The team here at Editorial Projects in Education has just published the 2012 edition of Diplomas Count, and this year, we devoted our reporting and much of our research analysis to Latino students.
From the early years all the way into college and beyond, Latino students trail their white, black and Asian peers on many indicators, whether it’s preschool participation, earning a high school diploma, or obtaining a bachelor’s degree. And though, as a group, Hispanic students have made modest progress in recent years, there’s a long way to go to close the gaps between their school performance with that of whites and Asians. This should matter to all of us since Latinos are the fastest growing segmentof the U.S. population and are projected to be, within another decade or so, the source of roughly 60 percent of the American labor force.
Inside our report you’ll find stories that illuminate both the challenges and opportunities for this diverse community.
There’s a piece that takes a close look at how the immigration law in Alabama has affected the Mexican immigrant community in and around the small community of Foley, especially the students and the educators at a local elementary school who have worked hard to integrate immigrant families into the school. We report on how Latino students are more likely than any of their peers to miss out on a quality preschool experience and the implications of that on their later schooling experience, especially for children who do not speak English. You’ll find detailed reportingon why college remains an elusive goal for so many Latino students and a separate piece that examines what, in particular, poses barriers to Latinas entering higher education. There is a story that examines the achievement of Hispanics in the Miami-Dade school system and how there, the Spanish language and culture of the immigrant community is viewed and used as an asset in the public schools.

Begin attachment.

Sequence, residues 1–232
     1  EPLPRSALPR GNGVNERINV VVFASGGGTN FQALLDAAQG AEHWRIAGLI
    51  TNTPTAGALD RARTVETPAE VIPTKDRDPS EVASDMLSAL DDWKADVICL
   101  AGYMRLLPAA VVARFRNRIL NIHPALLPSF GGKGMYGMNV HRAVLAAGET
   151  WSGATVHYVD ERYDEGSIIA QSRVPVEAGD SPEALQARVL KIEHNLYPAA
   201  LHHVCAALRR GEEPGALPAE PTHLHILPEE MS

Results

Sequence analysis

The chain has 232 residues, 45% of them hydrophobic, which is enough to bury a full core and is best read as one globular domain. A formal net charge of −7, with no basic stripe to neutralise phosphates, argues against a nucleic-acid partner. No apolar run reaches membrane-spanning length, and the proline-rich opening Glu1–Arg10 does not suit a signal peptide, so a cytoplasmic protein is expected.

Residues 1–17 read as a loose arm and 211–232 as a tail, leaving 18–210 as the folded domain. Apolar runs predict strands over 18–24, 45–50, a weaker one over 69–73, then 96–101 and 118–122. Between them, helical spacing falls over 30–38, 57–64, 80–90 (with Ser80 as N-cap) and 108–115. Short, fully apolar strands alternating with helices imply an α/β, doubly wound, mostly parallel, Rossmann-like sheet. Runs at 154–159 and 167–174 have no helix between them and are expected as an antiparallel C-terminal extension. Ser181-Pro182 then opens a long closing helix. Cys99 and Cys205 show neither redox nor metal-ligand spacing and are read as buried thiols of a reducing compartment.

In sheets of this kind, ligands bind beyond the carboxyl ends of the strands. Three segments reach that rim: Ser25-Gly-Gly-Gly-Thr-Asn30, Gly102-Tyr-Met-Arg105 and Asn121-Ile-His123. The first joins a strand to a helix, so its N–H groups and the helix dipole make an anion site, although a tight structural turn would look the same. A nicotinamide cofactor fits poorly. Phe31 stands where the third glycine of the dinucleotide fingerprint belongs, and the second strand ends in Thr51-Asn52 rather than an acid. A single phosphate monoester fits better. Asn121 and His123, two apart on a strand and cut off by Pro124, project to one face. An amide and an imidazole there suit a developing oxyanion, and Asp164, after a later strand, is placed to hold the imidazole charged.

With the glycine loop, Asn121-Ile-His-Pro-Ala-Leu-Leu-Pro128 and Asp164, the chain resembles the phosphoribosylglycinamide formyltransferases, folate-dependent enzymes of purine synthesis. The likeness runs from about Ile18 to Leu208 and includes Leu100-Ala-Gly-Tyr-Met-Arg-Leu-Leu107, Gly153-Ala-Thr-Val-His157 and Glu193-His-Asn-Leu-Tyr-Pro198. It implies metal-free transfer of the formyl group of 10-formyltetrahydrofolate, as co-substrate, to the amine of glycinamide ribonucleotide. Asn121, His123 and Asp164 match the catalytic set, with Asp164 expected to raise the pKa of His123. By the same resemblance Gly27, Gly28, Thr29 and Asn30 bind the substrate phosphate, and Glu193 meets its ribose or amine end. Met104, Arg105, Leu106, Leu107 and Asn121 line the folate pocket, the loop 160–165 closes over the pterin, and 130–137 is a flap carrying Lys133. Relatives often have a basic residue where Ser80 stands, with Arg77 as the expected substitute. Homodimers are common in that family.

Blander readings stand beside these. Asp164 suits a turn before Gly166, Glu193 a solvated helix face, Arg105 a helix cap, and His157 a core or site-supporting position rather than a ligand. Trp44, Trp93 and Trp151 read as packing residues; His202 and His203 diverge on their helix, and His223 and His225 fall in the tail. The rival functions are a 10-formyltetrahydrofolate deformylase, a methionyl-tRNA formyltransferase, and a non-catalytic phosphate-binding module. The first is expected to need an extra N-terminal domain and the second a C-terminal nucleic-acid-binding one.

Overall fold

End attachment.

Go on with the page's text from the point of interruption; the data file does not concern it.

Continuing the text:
We also feature profiles of students from around the country, each of whom represents one of the six largest Hispanic heritage groups in the U.S.
The report is also packed with research and analysis that zeroes in on Latino students.
For example, the Editorial Projects in Education Research Center team projects that Latinos will make up more than one-quarter of the nation’s 1.1 million nongraduates in the Class of 2012, even though they comprise 21 percent of the student population.
Twenty-five school districts account for some 37 percent of Latino nongraduates, according to the research shop. Among them: Los Angeles, New York City, Clark County, Nev., and Chicago. The EPE research team also has fresh findingson more than three dozen predominantly Latino-serving school systems that are exceeding expectations when it comes to graduation rates for Hispanic students.
And if you are in the D.C. area tomorrow, please join us for our official Diplomas Count event, where our researchers will discuss the annual graduation rate calculations for the nation, states, and every single school district. I’ll also be there with my Ed Week colleagues to help lead discussions on the big issues facing Latino students with some of the sharpest minds on this topic. It’s free and you can still register here. My colleague Christina Samuels will also be hosting a webinar on June 12 with administrators from Miami-Dade who will share their strategies for boosting Latino student achievement.
A version of this news article first appeared in the Learning the Language blog.